Thanks so much to Andrew W. Griffin, from Red Dirt Report, for the following review of Willie Nelson’s new CD. Andrew is a regular contributor to Country’s Chatter. I enjoy his reviews, and am sure all of you do, too.
RDR CD REVIEW: Willie Nelson – Country Music(Rounder) 2010
Before I get into my review of Willie’s new disc, Country Music, I have to say that I was a bit shocked to discover that the Abbott, Texas native, known for his iconic, braided locks, had cut them off while spending some time in Hawaii recently.
We can only speculate why 77-year-old Willie did such a thing. What is Willie Nelson without his braided locks, something he has been doing for well over three decades. While I doubt he will lose his strength, like what happened to Samson in the Bible days, it will be different seeing Willie without his braids.
But I digress … back to the review of Willie’s new disc, Country Music, produced by T Bone Burnett, he of O Brother, Where Art Thou? and Crazy Heart soundtrack fame. Burnett is a great producer for Willie Nelson to work with. The traditional American music sound is something Burnett knows well, and, knowing Willie’s lengthy list of music, it was neat that they started things off with a re-recording of Willie’s first single, the 1959 release “Man With the Blues.” Ronnie McCoury plays it down the middle with his amazing mandolin while Mickey Raphael’s harmonica is ever present.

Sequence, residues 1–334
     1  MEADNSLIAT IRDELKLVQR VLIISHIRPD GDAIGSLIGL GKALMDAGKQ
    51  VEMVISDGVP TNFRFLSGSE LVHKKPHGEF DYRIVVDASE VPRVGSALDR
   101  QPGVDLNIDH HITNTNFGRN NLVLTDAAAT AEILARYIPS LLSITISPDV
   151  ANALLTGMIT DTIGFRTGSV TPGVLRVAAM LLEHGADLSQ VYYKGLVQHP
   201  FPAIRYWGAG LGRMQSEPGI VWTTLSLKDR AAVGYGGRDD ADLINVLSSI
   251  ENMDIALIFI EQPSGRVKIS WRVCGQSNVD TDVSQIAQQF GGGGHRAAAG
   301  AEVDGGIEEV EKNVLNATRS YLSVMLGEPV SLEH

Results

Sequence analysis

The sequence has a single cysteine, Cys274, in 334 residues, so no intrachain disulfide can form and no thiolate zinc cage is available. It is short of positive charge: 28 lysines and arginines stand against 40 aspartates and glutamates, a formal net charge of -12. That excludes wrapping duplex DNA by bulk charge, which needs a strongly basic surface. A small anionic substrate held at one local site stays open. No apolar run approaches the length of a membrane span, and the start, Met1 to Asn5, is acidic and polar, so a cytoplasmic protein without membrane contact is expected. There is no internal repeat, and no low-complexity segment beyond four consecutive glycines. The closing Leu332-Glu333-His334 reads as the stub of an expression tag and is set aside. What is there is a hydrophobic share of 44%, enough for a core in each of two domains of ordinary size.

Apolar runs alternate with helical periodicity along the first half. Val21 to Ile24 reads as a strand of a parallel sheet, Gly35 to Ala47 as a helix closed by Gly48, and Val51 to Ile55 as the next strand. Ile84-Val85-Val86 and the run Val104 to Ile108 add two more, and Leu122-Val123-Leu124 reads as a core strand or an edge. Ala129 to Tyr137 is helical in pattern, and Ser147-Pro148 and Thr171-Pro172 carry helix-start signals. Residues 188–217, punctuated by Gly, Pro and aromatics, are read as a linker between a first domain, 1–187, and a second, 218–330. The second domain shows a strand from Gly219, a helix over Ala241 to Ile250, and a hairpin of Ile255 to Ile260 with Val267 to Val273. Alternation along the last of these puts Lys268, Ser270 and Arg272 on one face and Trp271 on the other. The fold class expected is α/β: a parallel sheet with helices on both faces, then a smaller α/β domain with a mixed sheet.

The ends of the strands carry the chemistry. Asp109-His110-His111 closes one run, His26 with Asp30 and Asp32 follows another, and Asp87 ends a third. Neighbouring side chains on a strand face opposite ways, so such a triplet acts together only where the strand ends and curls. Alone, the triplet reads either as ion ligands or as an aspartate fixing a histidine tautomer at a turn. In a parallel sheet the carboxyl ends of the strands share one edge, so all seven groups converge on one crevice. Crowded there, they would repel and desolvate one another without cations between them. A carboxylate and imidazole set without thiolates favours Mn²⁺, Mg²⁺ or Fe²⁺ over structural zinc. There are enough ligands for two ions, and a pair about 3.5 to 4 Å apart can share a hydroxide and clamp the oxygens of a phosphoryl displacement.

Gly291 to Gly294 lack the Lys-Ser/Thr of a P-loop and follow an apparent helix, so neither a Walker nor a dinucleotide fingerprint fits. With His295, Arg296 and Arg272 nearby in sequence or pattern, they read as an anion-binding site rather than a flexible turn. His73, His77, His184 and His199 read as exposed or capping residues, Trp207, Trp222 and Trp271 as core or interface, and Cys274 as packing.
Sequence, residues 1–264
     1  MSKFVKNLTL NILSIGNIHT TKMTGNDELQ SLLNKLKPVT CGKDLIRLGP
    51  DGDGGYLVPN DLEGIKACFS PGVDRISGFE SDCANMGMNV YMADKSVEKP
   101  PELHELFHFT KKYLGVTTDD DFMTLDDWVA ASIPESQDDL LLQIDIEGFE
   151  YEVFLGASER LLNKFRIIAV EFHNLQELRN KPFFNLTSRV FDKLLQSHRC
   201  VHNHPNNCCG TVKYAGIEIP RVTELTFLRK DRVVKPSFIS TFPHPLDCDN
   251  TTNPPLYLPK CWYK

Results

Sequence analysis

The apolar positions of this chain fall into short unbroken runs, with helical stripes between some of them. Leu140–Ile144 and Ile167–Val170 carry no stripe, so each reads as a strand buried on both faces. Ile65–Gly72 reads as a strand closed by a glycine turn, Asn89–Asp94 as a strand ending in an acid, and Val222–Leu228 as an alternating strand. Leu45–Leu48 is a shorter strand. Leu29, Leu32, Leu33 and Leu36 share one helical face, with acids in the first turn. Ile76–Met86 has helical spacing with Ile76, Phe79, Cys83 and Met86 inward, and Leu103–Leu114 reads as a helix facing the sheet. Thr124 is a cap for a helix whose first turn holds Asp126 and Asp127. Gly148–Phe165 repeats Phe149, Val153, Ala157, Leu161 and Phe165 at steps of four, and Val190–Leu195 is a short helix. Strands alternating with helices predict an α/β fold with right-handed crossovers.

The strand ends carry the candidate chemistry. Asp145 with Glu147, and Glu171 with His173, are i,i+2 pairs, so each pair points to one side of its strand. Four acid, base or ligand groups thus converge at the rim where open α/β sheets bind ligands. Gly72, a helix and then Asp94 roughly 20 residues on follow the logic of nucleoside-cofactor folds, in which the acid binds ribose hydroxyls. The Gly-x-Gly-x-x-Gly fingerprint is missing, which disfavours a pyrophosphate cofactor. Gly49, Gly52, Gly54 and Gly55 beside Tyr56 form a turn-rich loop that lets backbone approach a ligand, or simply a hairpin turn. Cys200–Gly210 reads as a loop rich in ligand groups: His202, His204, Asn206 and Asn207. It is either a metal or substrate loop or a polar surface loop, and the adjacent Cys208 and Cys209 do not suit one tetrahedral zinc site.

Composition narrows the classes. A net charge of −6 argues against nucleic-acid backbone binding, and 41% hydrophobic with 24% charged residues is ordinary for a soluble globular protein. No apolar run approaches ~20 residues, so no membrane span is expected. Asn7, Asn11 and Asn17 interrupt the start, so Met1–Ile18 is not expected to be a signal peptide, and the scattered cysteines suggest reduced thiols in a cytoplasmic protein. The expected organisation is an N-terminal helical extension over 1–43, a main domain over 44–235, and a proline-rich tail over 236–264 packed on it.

Raphael really shines as he blows the harp on Doc Watson’s rockabilly tune “Freight Train Boogie.” That slapped acoustic bass is also highly appealing, as the song chugs along.
Willie sounds as if he is having a good time singing “Pistol Packin’ Mama”
The eerie banjo plucking of Riley Baugus kicks off the traditional country folk of “Satan Your Kingdom Must Come Down.” Buddy Miller helps Willie by providing some effective background vocals on this classic.
“My Baby’s Gone” will give you chills, or at least it did for me. “Satisfied Mind” comes pretty close as well. But when we get to Hank Williams’ bittersweet “House of Gold,” you know we’ve hit a musical goldmine.
Meanwhile, the Merle Travis original “Dark As a Dungeon” brings the old mining song straight into your living room. This is mighty fine American folk music and Willie handles it beautifully.
Sure, Willie Nelson releases several albums a year, or at least it seems that way. I enjoyed the swingin’ sounds of Willie and The Wheel and the standards on American Classic but it’s Country Music that really captures what Willie Nelson is all about.
Grade – B+
Thanks Andrew, great review. Thanks so much for sharing it with me and my readers!
Talk to you all real soon. Hope you have a fantastic Thursday!